Fundamentals of General, Organic, and Biological Chemistry (6th Edition)
This textbook is primarily designed to provide students in the allied health sciences with an appropriate background in chemistry and biochemistry. But it also provides a general context for many of the chemical concepts so that students in other disciplines will gain a better appreciation of the importance of chemistry in everyday life. The coverage in this sixth edition includes sufficient breadth and depth to ensure adequate context and to provide students with opportunities to expand their knowledge.
To teach chemistry all the way from What is an atom? to How do we get energy from glucose? is a challenge. Throughout our general chemistry and organic chemistry coverage, the focus is on concepts fundamental to the chemistry of living things and everyday life. In our biochemistry coverage we strive to meet the further challenge of providing a context for the application of those concepts in biological systems. Our goal is to provide enough detail for thorough understanding while avoiding so much detail that students are overwhelmed. Many practical and relevant examples are included to illustrate the concepts and enhance student learning.
The material covered is ample for a two-term introduction to general, organic, and biological chemistry. While the general and early organic chapters contain concepts that are fundamental to understanding the material in biochemistry, the later chapters can be covered individually and in an order that can be adjusted to meet the needs of the students and the duration of the course.
The writing style is clear and concise and punctuated with practical and familiar examples from students personal experience. Art work, diagrams, and molecular models are used extensively to provide graphical illustration of concepts to enhance student understanding. Since the true test of knowledge is the ability to apply that knowledge appropriately, we include numerous worked examples that incorporate consistent problem-solving strategies.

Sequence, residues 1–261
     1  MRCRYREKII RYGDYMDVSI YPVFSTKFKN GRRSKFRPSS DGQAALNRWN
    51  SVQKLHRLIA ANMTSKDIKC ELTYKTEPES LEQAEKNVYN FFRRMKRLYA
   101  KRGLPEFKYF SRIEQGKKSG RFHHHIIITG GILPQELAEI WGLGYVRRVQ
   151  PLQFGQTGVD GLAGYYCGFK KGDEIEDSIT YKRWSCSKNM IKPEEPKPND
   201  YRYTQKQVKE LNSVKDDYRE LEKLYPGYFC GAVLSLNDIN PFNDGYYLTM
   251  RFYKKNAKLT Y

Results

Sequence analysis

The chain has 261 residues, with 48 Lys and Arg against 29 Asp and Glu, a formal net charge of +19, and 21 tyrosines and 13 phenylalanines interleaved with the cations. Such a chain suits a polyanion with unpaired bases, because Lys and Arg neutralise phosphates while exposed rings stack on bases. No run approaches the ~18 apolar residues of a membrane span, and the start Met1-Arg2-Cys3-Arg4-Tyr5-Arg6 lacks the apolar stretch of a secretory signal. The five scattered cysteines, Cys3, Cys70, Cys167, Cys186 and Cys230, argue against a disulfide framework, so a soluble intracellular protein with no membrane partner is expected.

Regardless of their career paths, all students will be citizens in an increasingly technological society. When they recognize the principles of chemistry at work not just in their careers but in their daily lives, they are prepared to make informed decisions on scientific issues based on a firm understanding of the underlying concepts.
GENERAL CHEMISTRY: CHAPTERS 1 11 The introduction to elements, atoms, the periodic table, and the quantitative nature of chemistry (Chapters 1 3) is followed by chapters that individually highlight the nature of ionic and molecular compounds (Chapters 4 and 5). The next two chapters discuss chemical reactions and their stoichiometry, energies, rates, and equilibria (Chapters 6 and 7). Topics relevant to the chemistry of life follow: Gases, Liquids, and Solids (Chapter 8); Solutions (Chapter 9); and Acids and Bases (Chapter 10). Nuclear Chemistry (Chapter 11) closes the general chemistry sequence.
ORGANIC CHEMISTRY: CHAPTERS 12 17 These chapters concisely focus on what students must know in order to understand biochemistry. The introduction to hydrocarbons (Chapters 12 and 13) includes the basics of nomenclature, which is thereafter kept to a minimum. Discussion of functional groups with single bonds to oxygen, sulfur, or a halogen (Chapter 14) is followed by a short chapter on amines, which are so important to the chemistry of living things and drugs (Chapter 15). After introducing aldehydes and ketones (Chapter 16), the chemistry of carboxylic acids and their derivatives (including amides) is covered (Chapter 17), with a focus on similarities among the derivatives.
BIOLOGICAL CHEMISTRY: CHAPTERS 18 29 Rather than proceed through the complexities of protein, carbohydrate, lipid, and nucleic acid structure before getting to the roles of these compounds in the body, structure and function are integrated in this text. Protein structure (Chapter 18) is followed by enzyme and coenzyme chemistry (Chapter 19). After that we cover the function of hormones and neurotransmitters, and the action of drugs (Chapter 20). With enzymes introduced, the central pathways and themes of biochemical energy production can be described (Chapter 21). If the time you have available to cover biochemistry is limited, stop with Chapter 21 and your students will have an excellent preparation in the essentials of metabolism. The following chapters cover carbohydrate chemistry (Chapters 22 and 23), then lipid chemistry (Chapters 24 and 25). Next we discuss nucleic acids and protein synthesis (Chapter 26) and genomics (Chapter 27). The last two chapters cover protein and amino acid metabolism (Chapter 28) and provide an overview of the chemistry of body fluids (Chapter 29).
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